What are normal interest rates that many central banks may aim to achieve over the next year or two now that global economic growth is reasonably well entrenched and needs no special support from super-low interest rates? Is this even a relevant question given that the world has adjusted to super-low interest rates and their removal could precipitate a sharp pullback especially in the more highly-leveraged parts such as the household sector in Australia?

Starting with the question of what is the normal official interest rate consistent with economic growth running close to potential growth, the answer is quite a relatively low rate these days because potential growth appears to be lower than it used to be. The potential growth rate is roughly the combination of population growth plus productivity. Australia’s population growth is around 1.4% y-o-y and trend growth in productivity is around 1.9% y-o-y placing potential growth around 3.3%. However, if the RBA’s cash rate were to be raised from 1.50% currently to 3.25%, most would view that as an activity-constraining rather than neutral interest rate setting.

Even at the current supposedly very accommodating 1.50% cash rate Australia’s unemployment rate moved up in February to 5.9% indicating increasing excess capacity in the labour market. If the Australian economy is not growing fast enough to reduce excess capacity in the labour market (and that is evident not just in the level of the unemployment rate, but also very high measures of under-employment and very low wages growth) there would seem to be no compelling reason for the RBA to consider start moving the cash rate towards a theoretically neutral or “normal” level.

One significant problem associated with keeping interest rates abnormally low for a very long period is that households and businesses start to behave as is if abnormally low interest rates are the new normal in their borrowing, spending and investment behavior. The protracted period of abnormally low interest rates has become a factor driving up asset price inflation. The boom in house prices in Melbourne and Sydney has been driven by several factors but one of the more important has been low borrowing interest rates allowing greater amounts to be borrowed by investors and owner-occupiers. Low interest rates have been capitalized in to high house prices and fast-rising house prices have attracted more to borrow to the limit while lenders chasing growth have found more ways to allow the limit to be stretched.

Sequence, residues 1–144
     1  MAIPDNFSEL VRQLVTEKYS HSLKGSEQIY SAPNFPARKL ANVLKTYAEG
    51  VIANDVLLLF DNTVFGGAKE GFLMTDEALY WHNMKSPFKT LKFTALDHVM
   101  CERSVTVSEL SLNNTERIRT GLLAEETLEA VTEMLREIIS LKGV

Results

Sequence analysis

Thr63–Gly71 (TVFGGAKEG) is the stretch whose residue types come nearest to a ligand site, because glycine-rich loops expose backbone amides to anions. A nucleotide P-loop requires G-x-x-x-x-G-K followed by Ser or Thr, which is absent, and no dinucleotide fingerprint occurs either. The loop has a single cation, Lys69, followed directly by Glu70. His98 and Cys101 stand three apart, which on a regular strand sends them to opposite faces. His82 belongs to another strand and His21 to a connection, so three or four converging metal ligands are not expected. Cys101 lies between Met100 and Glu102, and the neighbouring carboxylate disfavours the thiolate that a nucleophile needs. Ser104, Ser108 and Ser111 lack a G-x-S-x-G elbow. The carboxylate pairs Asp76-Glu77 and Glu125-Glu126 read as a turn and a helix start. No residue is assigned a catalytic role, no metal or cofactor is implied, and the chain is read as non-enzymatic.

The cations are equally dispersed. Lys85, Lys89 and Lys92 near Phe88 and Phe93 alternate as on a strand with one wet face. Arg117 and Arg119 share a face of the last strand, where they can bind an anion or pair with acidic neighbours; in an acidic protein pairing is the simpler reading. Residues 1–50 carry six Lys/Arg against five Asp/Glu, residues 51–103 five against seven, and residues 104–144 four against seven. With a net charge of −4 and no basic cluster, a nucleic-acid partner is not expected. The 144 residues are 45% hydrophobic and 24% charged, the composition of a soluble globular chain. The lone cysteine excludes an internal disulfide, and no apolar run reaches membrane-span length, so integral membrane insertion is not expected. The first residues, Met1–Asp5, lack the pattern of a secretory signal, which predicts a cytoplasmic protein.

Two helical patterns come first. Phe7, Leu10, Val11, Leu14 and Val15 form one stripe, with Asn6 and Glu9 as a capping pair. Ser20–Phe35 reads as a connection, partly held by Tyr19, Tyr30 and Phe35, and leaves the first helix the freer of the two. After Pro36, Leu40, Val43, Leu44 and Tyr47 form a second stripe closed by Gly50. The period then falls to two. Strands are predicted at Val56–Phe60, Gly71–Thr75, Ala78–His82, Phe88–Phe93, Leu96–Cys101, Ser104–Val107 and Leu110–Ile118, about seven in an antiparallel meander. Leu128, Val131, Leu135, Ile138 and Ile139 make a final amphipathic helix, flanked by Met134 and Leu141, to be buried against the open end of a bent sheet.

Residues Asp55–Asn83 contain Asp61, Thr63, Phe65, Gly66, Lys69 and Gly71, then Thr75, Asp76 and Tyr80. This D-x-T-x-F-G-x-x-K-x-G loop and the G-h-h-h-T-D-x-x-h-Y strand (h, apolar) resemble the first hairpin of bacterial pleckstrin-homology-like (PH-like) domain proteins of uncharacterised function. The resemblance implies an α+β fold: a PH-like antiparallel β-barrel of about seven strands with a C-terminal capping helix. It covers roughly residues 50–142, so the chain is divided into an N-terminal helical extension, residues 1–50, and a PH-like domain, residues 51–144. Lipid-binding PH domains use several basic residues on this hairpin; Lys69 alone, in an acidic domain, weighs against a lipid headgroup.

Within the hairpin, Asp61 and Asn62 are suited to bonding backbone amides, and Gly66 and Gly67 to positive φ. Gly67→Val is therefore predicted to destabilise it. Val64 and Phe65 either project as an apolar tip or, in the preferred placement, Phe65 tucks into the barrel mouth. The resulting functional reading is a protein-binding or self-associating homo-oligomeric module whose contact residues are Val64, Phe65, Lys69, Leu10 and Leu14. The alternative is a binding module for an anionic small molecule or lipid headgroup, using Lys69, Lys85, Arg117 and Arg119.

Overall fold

Household debt to disposable income has stretched out above 180%, historically high by Australian standards and by just about any other country’s standards too. At what point the household debt load becomes too heavy a burden and causes households to consolidate and start spending relatively less is difficult to assess. There is an increasing risk, however, that if households continue to borrow even more pushing house prices even higher that the eventual turn down could be very pronounced, possibly tipping the economy in to recession.

The choice facing the RBA is becoming more difficult. The general level of economic activity still implies that accommodating, well below normal interest rates are necessary. The borrowing activity of the household sector, especially relating to key parts of the housing market, suggests that interest rates are too low and are supporting activity that increase the likelihood of Australia suffering a true recession in the medium term. The RBA had hoped that non-interest related tightening of lending regulations might cap excessive borrowing by the household sector but the impact has been limited so far.

Increases in lending interest rates by Australian lenders unrelated to any movement in the RBA’s official cash rate are also showing little sign of denting the enthusiasm of the household sector to chase house prices higher. Increasingly it seems the RBA may need to reinforce the process of borrowing interest rates being less abnormally low even though such a move would be at odds with needs of the general economy. We still think it will be some months before the RBA considers a cash rate hike and then only if the housing boom fails to top out. Nevertheless, there is a risk that the RBA could hike the cash rate this year, a move that would take the market and households by surprise and be more effective as a result.

Interest rates may take many years to get back to anything approaching conventionally normal, but the first steps towards making rates less abnormal have already started in the United States and China and may extend to Australia too and more quickly than is widely believed likely.